By Camilo Smith
By Craig Malisow
By Jeff Balke
By Angelica Leicht
By Jeff Balke
By Sean Pendergast
By Sean Pendergast
By Jeff Balke
Most of the time, Deputy Constable Sgt. J.C. Evans's job is to seize people's cars, jewelry or waterbeds. He doesn't usually deal with artwork worth millions of dollars, as he did last week when he oversaw the seizure of 15 works by Robert Rauschenberg from the Menil Collection, one of the hosts of a three-museum retrospective for the artist. Still, the constable is unimpressed with the furor, and he sure doesn't think much of the art. If the auction takes place, Evans insists it will proceed just like any other constable sale. Buyers will have to pay cash.
When a reporter points out that a single work on the list could bring $2 million, Evans shakes his head. "Nah," he says matter-of-factly, peering at the work's title. "Have you seen it? I mean, give me a break."
The recent legal ambush at the Menil Collection engendered a culture clash of sorts as Houston law enforcement penetrated the rarefied international art world. After a grueling week preparing for a Thursday night opening that attracted an estimated 2,200 people, Menil director Paul Winkler returned from a late Friday lunch to find a gun-toting Evans outside his office door. The sergeant, who had never been to the Menil before, reportedly asked Winkler if he were Walter Hopps, who along with Susan Davidson curated the retrospective. Hopps is known for cutting unorthodox capers such as stealing art to demonstrate the inadequacy of gallery security. Winkler's first thought, he is said to have joked later, was "Oh, no. What's Walter gotten us into now?"
When the constables began to round up the art, a cluster of anxious Menil employees begged to be allowed to crate the precious goods for them, to which the constables consented. And when the lawyers in charge set their sights on an early painting from Rauschenberg's gold series, that same cluster, as one, let out an anguished groan, insisting the piece was too fragile to be moved. The lawyers relented.
They could select only works from Rauschenberg's personal collection, and Davidson says some of what they took had great personal value for the artist. Among the works were photographs of Rauschenberg's former companion, artist Cy Twombly, and the Erased de Kooning Drawing, a seminal work from the early fifties in which Rauschenberg erased, then framed, a drawing by the revered artist Willem de Kooning. The seizure, many maintain, was designed to humiliate Texas-born Rauschenberg on the occasion of his homecoming. It was the action of someone who badly wanted attention. "[Plaintiff Alfred Kren] is acting like a suitor scorned," says one Friend of Bob, who asked not to be named.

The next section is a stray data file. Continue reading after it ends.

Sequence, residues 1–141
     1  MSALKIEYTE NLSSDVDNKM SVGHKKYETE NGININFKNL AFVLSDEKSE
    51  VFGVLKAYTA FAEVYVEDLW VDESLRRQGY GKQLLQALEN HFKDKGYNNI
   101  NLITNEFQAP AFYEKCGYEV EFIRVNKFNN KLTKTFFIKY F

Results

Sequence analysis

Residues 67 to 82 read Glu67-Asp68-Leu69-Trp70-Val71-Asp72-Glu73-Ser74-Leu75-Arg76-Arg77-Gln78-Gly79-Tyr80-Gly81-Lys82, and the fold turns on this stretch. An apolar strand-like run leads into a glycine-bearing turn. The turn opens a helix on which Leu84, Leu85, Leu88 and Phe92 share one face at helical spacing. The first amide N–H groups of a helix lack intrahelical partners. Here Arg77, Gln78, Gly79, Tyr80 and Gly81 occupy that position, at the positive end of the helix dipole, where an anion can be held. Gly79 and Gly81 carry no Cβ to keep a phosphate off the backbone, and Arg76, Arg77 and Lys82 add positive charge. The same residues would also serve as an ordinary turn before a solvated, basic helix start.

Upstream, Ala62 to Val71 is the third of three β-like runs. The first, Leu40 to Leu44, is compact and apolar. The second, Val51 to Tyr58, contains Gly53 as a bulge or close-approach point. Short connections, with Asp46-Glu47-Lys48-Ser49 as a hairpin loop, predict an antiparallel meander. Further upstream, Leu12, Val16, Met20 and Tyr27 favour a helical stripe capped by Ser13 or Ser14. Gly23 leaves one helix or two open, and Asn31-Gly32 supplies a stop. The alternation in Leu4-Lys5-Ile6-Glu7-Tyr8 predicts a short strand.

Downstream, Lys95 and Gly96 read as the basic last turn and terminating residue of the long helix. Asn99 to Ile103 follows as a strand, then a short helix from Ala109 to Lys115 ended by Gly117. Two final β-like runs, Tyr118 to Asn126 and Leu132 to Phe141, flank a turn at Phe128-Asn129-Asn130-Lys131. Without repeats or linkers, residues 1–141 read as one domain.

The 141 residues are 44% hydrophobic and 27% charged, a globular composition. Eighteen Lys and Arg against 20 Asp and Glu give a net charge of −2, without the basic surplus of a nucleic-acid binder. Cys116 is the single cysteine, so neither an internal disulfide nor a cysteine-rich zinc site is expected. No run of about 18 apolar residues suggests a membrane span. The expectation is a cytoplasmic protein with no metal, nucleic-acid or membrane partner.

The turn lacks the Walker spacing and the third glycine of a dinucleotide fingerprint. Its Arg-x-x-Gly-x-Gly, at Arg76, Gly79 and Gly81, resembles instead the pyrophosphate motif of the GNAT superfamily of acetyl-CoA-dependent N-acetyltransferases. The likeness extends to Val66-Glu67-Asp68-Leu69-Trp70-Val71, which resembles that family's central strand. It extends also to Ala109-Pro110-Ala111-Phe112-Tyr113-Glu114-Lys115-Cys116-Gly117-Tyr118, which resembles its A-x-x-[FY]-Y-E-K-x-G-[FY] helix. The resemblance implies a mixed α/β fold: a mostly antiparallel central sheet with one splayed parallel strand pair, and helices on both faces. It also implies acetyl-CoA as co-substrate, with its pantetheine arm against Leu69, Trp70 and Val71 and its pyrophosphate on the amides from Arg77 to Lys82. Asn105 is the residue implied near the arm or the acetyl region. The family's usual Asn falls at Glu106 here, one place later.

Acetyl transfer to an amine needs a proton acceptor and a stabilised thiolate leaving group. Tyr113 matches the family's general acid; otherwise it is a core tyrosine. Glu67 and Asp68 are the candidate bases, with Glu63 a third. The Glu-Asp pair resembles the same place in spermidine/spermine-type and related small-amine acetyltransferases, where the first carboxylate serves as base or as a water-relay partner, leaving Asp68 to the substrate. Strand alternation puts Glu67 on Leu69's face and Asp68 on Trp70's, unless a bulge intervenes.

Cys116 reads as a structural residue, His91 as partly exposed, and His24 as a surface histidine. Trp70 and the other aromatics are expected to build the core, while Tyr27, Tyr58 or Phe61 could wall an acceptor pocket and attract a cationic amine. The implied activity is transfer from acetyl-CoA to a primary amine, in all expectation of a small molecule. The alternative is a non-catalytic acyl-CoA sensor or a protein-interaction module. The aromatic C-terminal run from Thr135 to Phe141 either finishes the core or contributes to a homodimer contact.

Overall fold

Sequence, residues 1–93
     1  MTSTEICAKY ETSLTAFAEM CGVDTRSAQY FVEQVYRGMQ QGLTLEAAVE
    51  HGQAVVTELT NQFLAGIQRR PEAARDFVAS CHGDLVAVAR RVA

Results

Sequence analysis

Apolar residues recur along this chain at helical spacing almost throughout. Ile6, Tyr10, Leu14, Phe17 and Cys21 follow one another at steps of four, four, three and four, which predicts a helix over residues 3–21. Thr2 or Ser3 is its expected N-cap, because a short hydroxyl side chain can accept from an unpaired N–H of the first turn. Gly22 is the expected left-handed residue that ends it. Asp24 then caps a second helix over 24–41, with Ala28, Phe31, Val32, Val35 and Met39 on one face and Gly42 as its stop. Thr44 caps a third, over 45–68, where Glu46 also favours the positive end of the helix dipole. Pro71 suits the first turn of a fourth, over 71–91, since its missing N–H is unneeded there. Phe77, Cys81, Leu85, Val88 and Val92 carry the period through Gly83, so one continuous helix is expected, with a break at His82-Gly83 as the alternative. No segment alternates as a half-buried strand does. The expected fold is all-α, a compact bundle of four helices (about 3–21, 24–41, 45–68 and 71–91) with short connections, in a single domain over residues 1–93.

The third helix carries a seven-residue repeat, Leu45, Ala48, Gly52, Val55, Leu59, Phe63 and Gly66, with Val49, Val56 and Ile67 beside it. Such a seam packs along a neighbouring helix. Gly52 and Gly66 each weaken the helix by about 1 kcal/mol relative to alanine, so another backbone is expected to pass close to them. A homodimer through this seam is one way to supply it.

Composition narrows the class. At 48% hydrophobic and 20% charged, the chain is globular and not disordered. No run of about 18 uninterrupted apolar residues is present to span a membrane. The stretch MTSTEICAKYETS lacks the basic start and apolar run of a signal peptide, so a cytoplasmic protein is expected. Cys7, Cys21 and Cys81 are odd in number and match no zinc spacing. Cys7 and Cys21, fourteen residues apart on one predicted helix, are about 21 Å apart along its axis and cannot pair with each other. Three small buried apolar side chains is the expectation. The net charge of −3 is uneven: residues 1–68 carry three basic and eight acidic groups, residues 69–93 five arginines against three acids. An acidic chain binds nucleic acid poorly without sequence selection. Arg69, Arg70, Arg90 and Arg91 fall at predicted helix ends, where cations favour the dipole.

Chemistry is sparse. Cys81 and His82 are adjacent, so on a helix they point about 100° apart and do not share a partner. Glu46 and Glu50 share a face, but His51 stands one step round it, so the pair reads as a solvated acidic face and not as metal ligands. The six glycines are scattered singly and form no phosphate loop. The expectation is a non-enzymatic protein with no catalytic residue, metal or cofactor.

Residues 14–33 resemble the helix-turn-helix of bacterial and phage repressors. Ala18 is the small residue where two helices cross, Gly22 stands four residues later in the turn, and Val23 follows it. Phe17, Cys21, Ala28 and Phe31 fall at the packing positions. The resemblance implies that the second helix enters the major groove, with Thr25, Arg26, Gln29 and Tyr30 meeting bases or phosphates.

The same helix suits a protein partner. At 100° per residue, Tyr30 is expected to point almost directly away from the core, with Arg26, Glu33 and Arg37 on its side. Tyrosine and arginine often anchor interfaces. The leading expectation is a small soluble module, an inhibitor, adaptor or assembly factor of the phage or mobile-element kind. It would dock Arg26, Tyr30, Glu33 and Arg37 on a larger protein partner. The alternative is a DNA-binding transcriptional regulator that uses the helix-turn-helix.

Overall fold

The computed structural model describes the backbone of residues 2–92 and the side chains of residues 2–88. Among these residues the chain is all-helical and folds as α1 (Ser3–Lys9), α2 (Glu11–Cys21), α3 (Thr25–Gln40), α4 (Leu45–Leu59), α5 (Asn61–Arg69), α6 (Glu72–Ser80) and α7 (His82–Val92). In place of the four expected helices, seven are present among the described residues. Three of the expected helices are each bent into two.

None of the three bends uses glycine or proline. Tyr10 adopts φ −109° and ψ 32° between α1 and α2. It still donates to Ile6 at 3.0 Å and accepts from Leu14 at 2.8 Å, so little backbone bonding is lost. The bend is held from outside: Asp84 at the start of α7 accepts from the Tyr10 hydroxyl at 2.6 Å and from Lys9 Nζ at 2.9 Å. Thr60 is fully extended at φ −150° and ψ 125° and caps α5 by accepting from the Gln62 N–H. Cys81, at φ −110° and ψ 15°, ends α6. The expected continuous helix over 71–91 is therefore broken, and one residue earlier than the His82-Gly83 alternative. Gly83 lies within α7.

Though Menil staffers say the constables were initially brusque, a sort of detente crept in as the seizure stretched well into the evening. The constables were, after all, just doing their job, and as they warmed up to the Menil employees, they explained the intricacies of confiscation -- staffers learned, for example, that constables are permitted to seize ten times the value of what's owed because most items fetch only a fraction of their value. In other words, the constables were entitled to take $55 million in Rauschenbergian booty, though what they did take was closer to what they thought they were owed.
The old adage that no publicity is bad publicity holds especially true in the art world, where a front-page scandal can reach more people than any number of educational outreach efforts. Last year, for example, the Museum of Fine Arts' membership increased by 10,000 people during the "Jewels of the Romanovs" exhibit, which made national news when Russian authorities in Washington, D.C. refused to let the jewels go on to Houston.
But this publicity was far more embarrassing, and the Menil quickly circled the wagons. The museum rebuffed a call from the New York Times (which came suspiciously soon after the seizure began, lending credence to the humiliation theory), and employees were instructed not to talk to the press. Though the news hit the Chronicle's front page on Saturday morning, at Rauschenberg's packed lecture that afternoon there was no hint that anything was awry.
Despite the museum's attempt to keep things quiet, speculation and rumor quickly circulated through the art world. Who was Alfred Kren? How could Robert Rauschenberg owe someone so much money? And if he did owe him so much money, how could the affair have gotten this far?
The story of how the works came to be seized provides a glimpse into the inner workings of the high-stakes art business. It begins in 1993 at a Napa Valley winery-cum-gallery, where Swiss businessman and mineral-water magnate Donald Hess displayed his contemporary art collection.
Hess had received a call from a German art dealer named Alfred Kren, and invited him to his winery to discuss Robert Rauschenberg. During their four-hour luncheon, Kren says that he was able to persuade Hess to look favorably on the work of Rauschenberg, an artist in whom the collector previously had little interest.
Still, Hess didn't take the bait. And despite many letters and faxes from Kren over the next couple of years, Hess never made a buy.